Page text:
Guide to the Sachsenhausen Concentration Camp Memorial

Stones and flowers mark a grave at Sachsenhausen Concentration Camp
Birge Amondson

When visiting Germany with a goal of seeing historical World War II sites, the Sachsenhausen Memorial Site near Oranienburg, just outside of Berlin, is one of the camp memorials you may consider. While one of the most important concentration camps to Nazi Germany, Sachsenhausen was a camp for political prisoners, not an extermination camp like Auschwitz. The site is large and the stories manifold, so it is worth it to take an organized tour.

The highly-recommended Mosaic Tours is a company which exclusively organizes non-profit tours to the memorial, donating their proceeds to Amnesty International and the Brandenburg Memorials Foundation.

Mosaic Tour Guides

You can expect your tour guide to be highly professional, personally committed, and respectful of the subject matter. They will also make sure you have everything you need before the tour starts, from train tickets to water and snacks (you can’t buy anything at the memorial site) to an umbrella, in case it rains.

If you have never navigated Berlin’s train and public transportation system, this tour is perfect for you—your guide will make sure you arrive safe and sound in the little town of Oranienburg, just outside of Berlin. Even before you set foot on the memorial site, your guide will be able to provide lots of useful information, from what to expect to thorough historical overviews of the Third Reich.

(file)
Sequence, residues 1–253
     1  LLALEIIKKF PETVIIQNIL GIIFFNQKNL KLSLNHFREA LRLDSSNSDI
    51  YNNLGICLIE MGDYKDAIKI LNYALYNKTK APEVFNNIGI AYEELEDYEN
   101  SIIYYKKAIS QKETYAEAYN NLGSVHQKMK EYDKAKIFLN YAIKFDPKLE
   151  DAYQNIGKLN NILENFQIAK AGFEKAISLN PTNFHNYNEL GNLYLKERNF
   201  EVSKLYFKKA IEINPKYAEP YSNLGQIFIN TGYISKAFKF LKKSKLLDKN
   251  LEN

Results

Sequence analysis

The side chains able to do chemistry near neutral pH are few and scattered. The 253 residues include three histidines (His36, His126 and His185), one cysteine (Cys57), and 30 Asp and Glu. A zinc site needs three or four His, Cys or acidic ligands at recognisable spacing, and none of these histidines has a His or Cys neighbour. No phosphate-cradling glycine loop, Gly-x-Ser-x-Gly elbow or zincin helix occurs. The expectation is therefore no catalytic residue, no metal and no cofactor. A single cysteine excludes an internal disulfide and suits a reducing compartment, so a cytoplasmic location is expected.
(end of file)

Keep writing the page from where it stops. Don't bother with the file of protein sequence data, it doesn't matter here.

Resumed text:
From the train station in Oranienburg, you will walk to the camp using the exact path former prisoners had to walk. Another interesting fact that could be easily overlooked: The houses right outside the walls of the camp were erected at the same time the camp was built; high ranking SS officers and their families lived here. Today, these historic homes are again inhabited and used as family homes.

The tour was fast-paced and covered most of the memorial grounds, but there was also time and space to explore the on-site museums on our own. There was always room for questions and discussions, and Russell was happy to answer even when we were sitting on the train back to Berlin.

History of Sachsenhausen

The tour mixes historical facts with personal stories of inmates and lasts about 6-7 hours (including transportation time), yet feels fast-paced. With a tour guide, your tour will cover much more than the audio guides which you can get at the Sachsenhausen Visitor Center. You will be able to see the majority of the memorial site's grounds as well as the on-site museums and you can learn a lot about the different uses of Sachsenhausen. The memorial site demonstrates how different governments left their political imprint on the camp.

First and foremost, it was used as a concentration camp by the Nazis; after the camp was liberated on April 22, 1945, by Soviet and Polish troops, the Soviets used the site and its structures as an internment camp for political prisoners from fall of 1945 to 1950. In 1961, the Sachsenhausen National Memorial was opened in the GDR. During this time, the East German authorities destroyed many of the original structures and used the site to promote their own communist ideology.

Joining a Tour

Visit the Mosaic Tours website for the most up-to-date tour schedules and fees. An ABC zone metro ticket is required for the train to /from the Memorial. These can be purchased at the station or through the BVG app. Note that the Memorial Foundation requests an additional €1.20 donation per person from tour group participants, which will be collected at the memorial. 

No reservations are necessary to join a Mosaic tour, just show up at the meeting point: Alexanderplatz between TV Tower and S-and U-Bahn Train Station. 

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